The NSF website has an article of interest titled, Babies Learn From Robots While Robots Learn From Babies: Interdisciplinary research combines infant learning and computer science
The study indicates that more than appearance, robots will need to possess sophisticated cognitive abilities such as being able to understand speech and imitate human actions in order to pass the test of human social acceptance. The specific set of movements or gestures a robot should have will depend on a number of factors such as the domain in which it operates--whether the robot is an emergency responder or a child's tutor, for example. Programming for local culture also is important for determining whether humans will interact with it.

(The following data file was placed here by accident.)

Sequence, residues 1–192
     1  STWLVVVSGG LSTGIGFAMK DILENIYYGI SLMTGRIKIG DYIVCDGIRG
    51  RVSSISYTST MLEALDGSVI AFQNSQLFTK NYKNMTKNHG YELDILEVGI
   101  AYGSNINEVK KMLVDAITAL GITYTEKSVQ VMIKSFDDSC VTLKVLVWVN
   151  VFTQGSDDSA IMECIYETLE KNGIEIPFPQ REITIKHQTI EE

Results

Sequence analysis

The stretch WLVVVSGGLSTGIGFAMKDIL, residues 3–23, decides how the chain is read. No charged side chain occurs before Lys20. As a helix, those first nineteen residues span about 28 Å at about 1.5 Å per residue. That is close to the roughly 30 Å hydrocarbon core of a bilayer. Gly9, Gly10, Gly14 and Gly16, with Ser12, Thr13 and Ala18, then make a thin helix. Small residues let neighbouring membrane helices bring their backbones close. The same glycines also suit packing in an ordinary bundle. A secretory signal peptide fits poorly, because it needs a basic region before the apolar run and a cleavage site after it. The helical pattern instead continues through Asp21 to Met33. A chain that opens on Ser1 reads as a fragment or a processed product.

"Some skills such as being able to interact through speech and understand a human's intentions are universally applicable to all robots that interact with humans," said Rao. "Other skills will need to be learned on-the-fly, which is one of the reasons why we have focused our robotics research on learning by imitating humans."